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Three Naxals arrested for Chilkhadih incident

Posted by Indian Vanguard on November 1, 2007

31 Oct 2007, 2037 hrs IST,PTI

GIRIDIH (JHARKHAND): Three Naxals, allegedly involved in the Chilkhadih massacre, were arrested by police in Jharkhand’s Giridih district in intense combing operations on Wednesday.

A total of 19 people, including the son of former chief minister Babulal Marandi were killed in the pre-dawn Naxal attack during a cultural function on October 27.

Giridih Additional Superintendent of Police Arun Kumar Singh said the three persons were identified as Kishun Rajwar, Manoj Rajwar and Rahmat Ansari.

CPI (Maoist) have claimed responsibility for the massacre and that they had targeted Nunulal, the son of Babulal Marandi.

Those arrested on Wednesday were not named in the FIR that had been filed by the bodyguard of Nunulal Marandi, who had survived the massacre unhurt, Kumar said.

The bodyguard had named ten persons in the FIR filed two days ago

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urgent: what really happened in chikhadia on saturday morning?

Posted by Indian Vanguard on October 29, 2007

October 28, 2007

Human dignity and the definition of terrorism

what really happened in chikhadia on saturday morning?

In the early hours of Saturday, a ground of 35-odd gunmen shot and killed 18 people attending a music festival in the village of Chikhadia, in the restive Giridh district of Jharkhand. That’s about the only fact which the mainstream Indian and International media got right. That fact, however, is by itself incapable of supporting the inferences which politicians, bureaucrats and police spokesmen are drawing in one public statement after another.

Unanswered Questions

Certain questions continue to remain unanswered, a full 48 hours after the incident. How many people were attending the celebrations? Were the bulk of those in attendance allowed to disperse without being harmed? Why was the 85-strong cultural troupe from the city of Bokaro not harmed in any manner whatsoever? Who were the government officials sitting with members of the Marandi family in the front rows? Why was there no police or paramilitary presence, given the current turmoil in Giridh? Were the gunmen in uniform at the time of the shooting, or had they changed into civilian clothes, as some eye witnesses report? Finally, who else died, besides Anup Marandi?

Fact Check

Then there are some hard facts which the media appears to have ignored altogether. Firstly, Anup Marandi’s father, former Jharkhand Chief Minister Babulal Marandi, has been heavily involved, directly and indirectly, in land grabbing and illegal logging in the resource-rich belt [stretching beyond Jharkhand to the states of Chattisgarh, Bihar and West Bengal] for well over a decade, well before the creation of the State of Jharkhand. Secondly, the Marandi family has been using local mafia-run militias and corrupt policemen to wage a violent struggle against those tribal elements–not just Naxalites (Maoists)—who have been struggling for many long years to block or reverse extremely dubious land transfers, to halt rampant money lending activities and the exploitation of cheap labour, to punish those engaged in the trafficking in women and children, and to bring to attention the severe repression unleashed by criminal gangs working in conjunction with both police and paramilitary personnel.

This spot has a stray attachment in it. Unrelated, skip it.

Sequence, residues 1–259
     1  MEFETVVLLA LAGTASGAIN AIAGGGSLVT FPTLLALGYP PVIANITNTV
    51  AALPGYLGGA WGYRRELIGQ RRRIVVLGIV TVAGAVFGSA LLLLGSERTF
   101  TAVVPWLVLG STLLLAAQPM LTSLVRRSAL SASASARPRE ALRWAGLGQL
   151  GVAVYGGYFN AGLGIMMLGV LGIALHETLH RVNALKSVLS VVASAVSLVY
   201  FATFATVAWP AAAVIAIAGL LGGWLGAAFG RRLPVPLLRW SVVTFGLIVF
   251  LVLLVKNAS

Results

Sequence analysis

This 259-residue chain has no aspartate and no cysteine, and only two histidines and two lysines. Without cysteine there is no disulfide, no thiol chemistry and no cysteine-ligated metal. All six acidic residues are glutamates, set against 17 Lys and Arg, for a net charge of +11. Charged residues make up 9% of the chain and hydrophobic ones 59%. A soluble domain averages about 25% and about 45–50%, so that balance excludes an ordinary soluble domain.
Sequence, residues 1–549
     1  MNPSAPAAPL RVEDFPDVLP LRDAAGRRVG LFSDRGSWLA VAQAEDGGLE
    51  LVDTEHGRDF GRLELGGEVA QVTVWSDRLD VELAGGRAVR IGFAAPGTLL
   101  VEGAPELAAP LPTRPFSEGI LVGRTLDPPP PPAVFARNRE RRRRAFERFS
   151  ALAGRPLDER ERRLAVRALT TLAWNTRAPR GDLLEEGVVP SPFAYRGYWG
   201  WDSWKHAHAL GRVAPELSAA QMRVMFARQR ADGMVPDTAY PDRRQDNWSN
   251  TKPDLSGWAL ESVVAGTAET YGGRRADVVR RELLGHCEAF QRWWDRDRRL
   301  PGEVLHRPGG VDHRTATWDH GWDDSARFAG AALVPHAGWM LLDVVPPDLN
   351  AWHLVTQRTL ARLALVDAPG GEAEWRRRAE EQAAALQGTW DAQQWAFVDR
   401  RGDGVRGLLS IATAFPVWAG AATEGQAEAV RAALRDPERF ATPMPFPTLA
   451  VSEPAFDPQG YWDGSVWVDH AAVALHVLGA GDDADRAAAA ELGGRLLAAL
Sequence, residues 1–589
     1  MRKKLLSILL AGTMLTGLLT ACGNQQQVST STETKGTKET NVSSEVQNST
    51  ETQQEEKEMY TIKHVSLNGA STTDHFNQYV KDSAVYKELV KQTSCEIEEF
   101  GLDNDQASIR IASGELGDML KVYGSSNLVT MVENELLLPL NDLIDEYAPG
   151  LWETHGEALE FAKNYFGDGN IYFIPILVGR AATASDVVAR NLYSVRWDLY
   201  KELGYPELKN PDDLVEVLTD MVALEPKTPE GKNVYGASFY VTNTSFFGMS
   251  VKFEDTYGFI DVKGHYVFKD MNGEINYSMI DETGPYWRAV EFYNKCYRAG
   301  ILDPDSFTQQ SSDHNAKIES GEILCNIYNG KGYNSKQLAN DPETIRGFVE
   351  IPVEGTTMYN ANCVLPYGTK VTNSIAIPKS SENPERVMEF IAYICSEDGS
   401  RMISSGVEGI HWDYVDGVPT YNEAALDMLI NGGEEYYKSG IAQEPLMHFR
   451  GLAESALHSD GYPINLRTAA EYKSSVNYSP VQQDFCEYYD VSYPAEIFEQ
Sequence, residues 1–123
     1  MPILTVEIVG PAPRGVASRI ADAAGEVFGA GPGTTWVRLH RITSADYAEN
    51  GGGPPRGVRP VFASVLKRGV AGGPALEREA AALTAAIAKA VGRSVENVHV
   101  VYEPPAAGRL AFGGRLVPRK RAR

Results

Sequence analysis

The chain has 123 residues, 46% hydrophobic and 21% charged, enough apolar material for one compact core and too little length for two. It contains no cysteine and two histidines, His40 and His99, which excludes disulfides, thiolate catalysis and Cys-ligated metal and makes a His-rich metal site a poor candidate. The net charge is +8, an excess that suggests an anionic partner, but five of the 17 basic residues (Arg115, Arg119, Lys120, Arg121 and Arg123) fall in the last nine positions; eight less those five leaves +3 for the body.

These facts have been checked independently by any number human rights activists; so have a few others. Since Indian independence in 1947, more than 2.5 million acres of Adivasi tribal lands have been expropriated to set up mines, industries, dams and highways. Another 1.2 million acres, by very conservative estimates, have been illegally or fraudulently snatched from Jharkhand’s tribes by unscrupulous outsiders. According to a Ranchi-based human rights lawyer, “Babulal Marandi has played a significant role in allowed or forcing land department officials in facilitating the land transfers. Nothing has changed, despite years of court battles and public demonstrations.”

A few more facts are in order. Since the mid-1950s, almost 4 million Adivasis have been displaced, resulting in large-scale migration. Thousands have found employment under slave-labour conditions in small-scale factories across North, East and Central India. Hundreds of young Adivasi women were led by agents to the red light districts of Kolkatta and Mumbai. Those Adivasis who stayed behind were quickly recruited as low-end workers in the still-flourishing underground trade in coal and timber.

Most importantly, Babulal Marandi was an integral part of the process to forcibly “Hindu-ize” the Adivasis, Moolvasis and Dalits through essentially counter-productive measures governing education and healthcare. And Mr. Marandi has been actively collaborating with other politicians in the State and in New Delhi to overturn the long-standing laws relating to domicile, reservation and local self-government.

Law and Lawlessness

By all accounts, the definition of the rule of law in Jharkhand does not conform to the dictates of the Indian Constitution. “The lawlessness in this area is a verifiable fact for many decades,” a retired Jharkhand administrative official emphasized earlier today in a telephone interview. “All sides—law enforcement, mafia kingpins, land grabbers, coal miners, timber merchants, money lenders, local militias, Naxalites and tribal front organizations—follow a different set of rules than those laid out in the Constitution.”